In an Acton Commentary last month, Jordan Ballor presented a helpful explanation of the differences between “capitalism” and “corporatism”, a capitalist system that has been corrupted:

The main dynamic of the market system is the relationship between the producer and the consumer. Corporatism, by contrast, brings to the fore the role of the “managerial state,” in which the government takes on an increasingly larger task in telling producers what they should produce and consumers what they should consume. This can be done in many ways, some more implicit and others more aggressive. Corporatism is distinct from socialism, because under corporatism the means of production (capital) remain in private hands. But the private firms are not simply free to respond to market signals. Instead, under a corporatist structure, the government directs firms in the ways in which they should employ their resources, sometimes through moral suasion, but more often through regulation, tax policy, and legal directives.

Yesterday, Peter Schweizer wrote in The Daily Beast about how some pharmaceutical companies are using corporatism to their advantage—and to the detriment of the rest of us:

The Obama administration’s mandate that all health insurance companies must provide coverage for contraceptives has set off an explosive debate about religious freedom and women’s health issues. The attention has been focused on the administration’s insistence that religious institutions, such as Catholic hospitals and schools, would be required to offer the benefit for their employees, even though it contradicts church teaching. But completely ignored is the more fundamental problem: this mandate is not only about the bedroom, it’s about the boardroom. You’ve heard of crony capitalism? Well this is America’s first example of crony contraceptives.

Forget for a minute the religious question and look at who wins big here: Big Pharma. This mandate is not really about condoms or generic versions of “the pill,” which are available free or cheap in lots of places. This is about brand-name birth control drugs and other devices that some consumers swear off because they are too expensive. The Health and Human Services (HHS) mandate requires health-insurance companies provide contraceptive coverage for all “FDA approved contraceptive methods.” It does not insist on generics. And it does not offer any cost containment.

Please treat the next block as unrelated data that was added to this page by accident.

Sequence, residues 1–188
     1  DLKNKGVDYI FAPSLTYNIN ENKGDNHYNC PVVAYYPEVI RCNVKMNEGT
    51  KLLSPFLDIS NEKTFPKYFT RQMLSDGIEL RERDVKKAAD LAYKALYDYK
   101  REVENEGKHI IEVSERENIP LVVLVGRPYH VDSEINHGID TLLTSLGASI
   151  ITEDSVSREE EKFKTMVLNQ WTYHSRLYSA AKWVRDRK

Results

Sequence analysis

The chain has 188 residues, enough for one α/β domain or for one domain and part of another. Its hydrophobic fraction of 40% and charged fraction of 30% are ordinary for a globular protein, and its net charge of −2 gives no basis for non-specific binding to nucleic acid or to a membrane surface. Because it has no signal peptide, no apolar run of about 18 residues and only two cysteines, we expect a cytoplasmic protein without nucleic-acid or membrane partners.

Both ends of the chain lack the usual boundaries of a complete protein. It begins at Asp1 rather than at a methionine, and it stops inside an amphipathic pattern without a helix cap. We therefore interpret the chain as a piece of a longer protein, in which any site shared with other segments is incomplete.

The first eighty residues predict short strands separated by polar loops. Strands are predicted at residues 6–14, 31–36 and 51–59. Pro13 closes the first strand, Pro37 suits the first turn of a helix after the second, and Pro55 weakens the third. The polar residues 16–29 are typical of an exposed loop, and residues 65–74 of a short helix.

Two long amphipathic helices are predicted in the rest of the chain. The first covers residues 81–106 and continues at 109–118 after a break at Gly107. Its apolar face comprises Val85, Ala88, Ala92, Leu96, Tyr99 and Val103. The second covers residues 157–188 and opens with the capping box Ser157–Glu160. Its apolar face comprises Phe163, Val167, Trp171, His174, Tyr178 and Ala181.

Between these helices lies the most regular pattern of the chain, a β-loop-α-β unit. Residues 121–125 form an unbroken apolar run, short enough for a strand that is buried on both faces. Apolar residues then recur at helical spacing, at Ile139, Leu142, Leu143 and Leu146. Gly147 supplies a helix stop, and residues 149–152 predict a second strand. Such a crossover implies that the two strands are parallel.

What’s more, the mandate prevents health-insurance companies from having copays or deductibles for the benefit. This is the perfect set up for Big Pharma. Since the drugs will be paid for by a third party (insurance companies, who will pass the cost on to employers and the rest of us), the consumer won’t worry about the price. Expensive brand names will no doubt see demand rise. Ask more health-care analysts why the cost of medical services continues to rise so rapidly and near the top of the list is the fact that a third-party payment system won’t contain costs.

Read more . . .


  • http://twitter.com/jurisnaturalist Nathanael Snow

    The real question which has to be addressed is whether the market can constrain monopoly sufficiently by itself.  I’m reading Walter Eucken now, and he seems to be concerned that the conflict may lie in whether freedom of contract can be consistent with market systems leading to liberty when freedom of contract includes freedom to collude, or to write enforceable contracts among colluding parties.
    When the state merely works to enforce such contracts, there are problems enough.  What we have now is the second stage, which is where the state uses regulation as a way to restrict exit and entry into an industry, but there is a de facto enforcement of the cartel. 
    What is the right way out?
    Perhaps competitive legal systems within political systems would come to the same realization that the competition among political systems has discovered: that courts should not enforce collusive contracts.  Further, more competition among political systems (perhaps by increasing the effectiveness of the Tiebout effect by liberalizing migration) might also demonstrate that regulatory infrastructures serve to protect cartels.
    Finally, perhaps what we might consider is whether political systems can be justified as legitimate under any circumstances, given that they without fail lead to power differentiation which can be influenced by wealth differentiation, which by itself imposes no harm on others.

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